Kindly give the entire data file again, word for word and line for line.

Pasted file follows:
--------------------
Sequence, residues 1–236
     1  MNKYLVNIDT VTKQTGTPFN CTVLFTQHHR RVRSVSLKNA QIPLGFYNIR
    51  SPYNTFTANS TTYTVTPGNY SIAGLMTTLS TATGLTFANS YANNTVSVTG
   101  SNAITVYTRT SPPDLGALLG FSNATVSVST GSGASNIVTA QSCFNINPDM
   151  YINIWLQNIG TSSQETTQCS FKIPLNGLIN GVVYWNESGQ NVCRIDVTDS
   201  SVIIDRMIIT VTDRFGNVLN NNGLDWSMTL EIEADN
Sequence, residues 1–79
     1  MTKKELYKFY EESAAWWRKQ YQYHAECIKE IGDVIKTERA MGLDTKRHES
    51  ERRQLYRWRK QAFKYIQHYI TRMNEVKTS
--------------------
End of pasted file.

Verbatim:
Sequence, residues 1–236
     1  MNKYLVNIDT VTKQTGTPFN CTVLFTQHHR RVRSVSLKNA QIPLGFYNIR
    51  SPYNTFTANS TTYTVTPGNY SIAGLMTTLS TATGLTFANS YANNTVSVTG
   101  SNAITVYTRT SPPDLGALLG FSNATVSVST GSGASNIVTA QSCFNINPDM
   151  YINIWLQNIG TSSQETTQCS FKIPLNGLIN GVVYWNESGQ NVCRIDVTDS
   201  SVIIDRMIIT VTDRFGNVLN NNGLDWSMTL EIEADN
Sequence, residues 1–79
     1  MTKKELYKFY EESAAWWRKQ YQYHAECIKE IGDVIKTERA MGLDTKRHES
    51  ERRQLYRWRK QAFKYIQHYI TRMNEVKTS